Ballanga v. HymelAnnotate this Case
175 So. 2d 274 (1965)
247 La. 934
Mrs. Josephine BALLANGA, Jr. v. Jules J. HYMEL, Mrs. Mildred T. Hymel, North River Insurance Company and Allstate Insurance Company.
Supreme Court of Louisiana.
March 29, 1965.
Rehearing Denied June 7, 1965.
Schoemann, Gomes, Ducote & Collins, Rudolph R. Schoemann, New Orleans, Morris G. Becnel, Joel T. Chaisson, Luling, for defendants-appellees-petitioners.
Axel E. Paulson, Curtis R. Boisfontaine of Sessions, Fishman, Rosenson & Snellings, New Orleans, for respondents.
Mrs. Josephine Ballanga, Jr., the plaintiff in this tort action, seeks damages for personal injuries sustained by her in a collision of two automobiles, she having been a guest passenger in one of the vehicles which was driven by her husband.
Named as defendants were Mrs. Mildred T. Hymel, the driver of the other car, Jules J. Hymel (Mrs. Hymel's husband), and North River Insurance Company (hereinafter called North River), the liability insurer of the Hymel automobile. Allstate Insurance Company (hereinafter referred to as Allstate), the insurer of the Ballanga vehicle, was made a defendant also.
The district judge held that the negligence of both drivers proximately caused the accident. Accordingly, he rendered a solidary judgment in plaintiff's favor against all defendants for $700.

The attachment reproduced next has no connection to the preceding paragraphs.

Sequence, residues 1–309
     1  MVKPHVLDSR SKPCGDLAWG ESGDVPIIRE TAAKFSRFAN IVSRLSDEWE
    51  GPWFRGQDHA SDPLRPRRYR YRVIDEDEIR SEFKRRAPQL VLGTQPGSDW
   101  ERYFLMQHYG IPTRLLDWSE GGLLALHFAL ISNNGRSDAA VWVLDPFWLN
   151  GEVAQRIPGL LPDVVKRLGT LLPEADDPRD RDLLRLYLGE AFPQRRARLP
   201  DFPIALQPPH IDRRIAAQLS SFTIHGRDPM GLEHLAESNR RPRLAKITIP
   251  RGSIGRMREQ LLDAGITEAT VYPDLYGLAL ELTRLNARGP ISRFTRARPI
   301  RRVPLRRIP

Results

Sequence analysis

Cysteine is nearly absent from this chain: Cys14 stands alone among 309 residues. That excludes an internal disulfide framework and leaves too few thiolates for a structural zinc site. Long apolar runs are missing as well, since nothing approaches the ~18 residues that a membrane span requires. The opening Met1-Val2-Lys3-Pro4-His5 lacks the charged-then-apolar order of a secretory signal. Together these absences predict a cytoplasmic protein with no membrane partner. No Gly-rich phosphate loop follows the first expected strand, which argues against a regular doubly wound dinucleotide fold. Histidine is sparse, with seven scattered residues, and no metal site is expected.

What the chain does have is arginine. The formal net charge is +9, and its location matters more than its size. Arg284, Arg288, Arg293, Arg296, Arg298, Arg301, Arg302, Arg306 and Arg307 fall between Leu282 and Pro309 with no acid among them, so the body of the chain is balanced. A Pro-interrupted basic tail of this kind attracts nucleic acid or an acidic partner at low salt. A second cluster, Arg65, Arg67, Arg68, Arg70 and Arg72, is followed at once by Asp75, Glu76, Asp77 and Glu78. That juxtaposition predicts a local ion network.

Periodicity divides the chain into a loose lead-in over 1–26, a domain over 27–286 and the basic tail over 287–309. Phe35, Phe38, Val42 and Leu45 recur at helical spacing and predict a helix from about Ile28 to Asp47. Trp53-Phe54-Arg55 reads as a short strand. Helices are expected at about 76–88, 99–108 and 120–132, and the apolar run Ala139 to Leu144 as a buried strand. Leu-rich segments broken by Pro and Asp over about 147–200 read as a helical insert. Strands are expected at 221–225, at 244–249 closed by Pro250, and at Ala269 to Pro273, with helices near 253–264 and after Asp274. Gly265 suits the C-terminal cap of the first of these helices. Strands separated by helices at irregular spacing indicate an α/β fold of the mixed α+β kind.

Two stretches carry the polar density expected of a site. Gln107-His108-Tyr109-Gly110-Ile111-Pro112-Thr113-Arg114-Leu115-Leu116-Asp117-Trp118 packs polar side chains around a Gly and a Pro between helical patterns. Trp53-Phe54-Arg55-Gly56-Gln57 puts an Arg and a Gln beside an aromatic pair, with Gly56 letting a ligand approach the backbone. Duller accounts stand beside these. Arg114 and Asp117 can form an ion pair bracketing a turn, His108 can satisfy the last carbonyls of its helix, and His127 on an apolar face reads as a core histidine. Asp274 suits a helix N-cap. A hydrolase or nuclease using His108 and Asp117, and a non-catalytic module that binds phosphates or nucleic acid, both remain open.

Plaintiff appealed to the Court of Appeal, Fourth Circuit, seeking an increase in the award. None of the defendants appealed or answered plaintiff's appeal.
Following a consideration of the matter, the appellate court concluded that the collision had occurred as the result of the negligence of Mrs. Hymel and that Ballanga was in no manner at fault. Further, it held that plaintiff was entitled to an increase *275 of $1800 (or a total of $2500) for the injuries suffered by her; but that since Ballanga was not negligent his insurer (Allstate) should not be cast for the increased damages, although the $700 judgment against it could not be annulled inasmuch as it had not appealed or answered plaintiff's appeal.
Therefore, the judgment of the district court was amended by increasing the award against the Hymels and their automobile insurer (North River) to $2500. In all other respects it was affirmed. 167 So. 2d 469.
The Hymels and North River applied for certiorari, they alleging that the Court of Appeal had committed error in increasing the award and, alternatively, in failing to cast Allstate for the damage increase. We issued the writ as prayed for. 246 La. 880, 168 So. 2d 105.
Our attention is addressed first to the issue of quantum. All defendants urge that the Court of Appeal erred in failing to follow the decision of this court in Gaspard v. LeMaire et al., 245 La. 239, 158 So. 2d 149, the doctrine of which was enunciated and approved in Ballard et ux. v. National Indemnity Company of Omaha, Nebraska, 246 La. 963, 169 So. 2d 64, in that it increased the award made by the district judge without any showing that the latter had abused his discretion when determining the nature and extent of plaintiff's injuries.